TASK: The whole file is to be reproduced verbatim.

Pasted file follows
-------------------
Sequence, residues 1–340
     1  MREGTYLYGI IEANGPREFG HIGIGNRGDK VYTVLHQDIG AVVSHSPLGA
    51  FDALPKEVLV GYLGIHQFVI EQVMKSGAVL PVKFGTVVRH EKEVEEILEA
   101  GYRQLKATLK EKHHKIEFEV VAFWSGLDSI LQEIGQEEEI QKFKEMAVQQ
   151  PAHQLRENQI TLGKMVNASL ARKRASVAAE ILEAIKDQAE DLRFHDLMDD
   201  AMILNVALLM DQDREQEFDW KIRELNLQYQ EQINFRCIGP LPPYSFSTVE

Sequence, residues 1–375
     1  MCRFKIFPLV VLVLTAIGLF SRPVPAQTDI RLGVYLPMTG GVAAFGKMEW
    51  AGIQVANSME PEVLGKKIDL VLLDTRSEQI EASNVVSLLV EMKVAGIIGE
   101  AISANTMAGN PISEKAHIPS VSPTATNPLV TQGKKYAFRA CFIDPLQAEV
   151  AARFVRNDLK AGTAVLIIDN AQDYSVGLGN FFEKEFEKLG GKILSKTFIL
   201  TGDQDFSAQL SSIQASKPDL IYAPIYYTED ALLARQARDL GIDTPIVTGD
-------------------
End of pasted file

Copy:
Sequence, residues 1–340
     1  MREGTYLYGI IEANGPREFG HIGIGNRGDK VYTVLHQDIG AVVSHSPLGA
    51  FDALPKEVLV GYLGIHQFVI EQVMKSGAVL PVKFGTVVRH EKEVEEILEA
   101  GYRQLKATLK EKHHKIEFEV VAFWSGLDSI LQEIGQEEEI QKFKEMAVQQ
   151  PAHQLRENQI TLGKMVNASL ARKRASVAAE ILEAIKDQAE DLRFHDLMDD
   201  AMILNVALLM DQDREQEFDW KIRELNLQYQ EQINFRCIGP LPPYSFSTVE

Sequence, residues 1–375
     1  MCRFKIFPLV VLVLTAIGLF SRPVPAQTDI RLGVYLPMTG GVAAFGKMEW
    51  AGIQVANSME PEVLGKKIDL VLLDTRSEQI EASNVVSLLV EMKVAGIIGE
   101  AISANTMAGN PISEKAHIPS VSPTATNPLV TQGKKYAFRA CFIDPLQAEV
   151  AARFVRNDLK AGTAVLIIDN AQDYSVGLGN FFEKEFEKLG GKILSKTFIL
   201  TGDQDFSAQL SSIQASKPDL IYAPIYYTED ALLARQARDL GIDTPIVTGD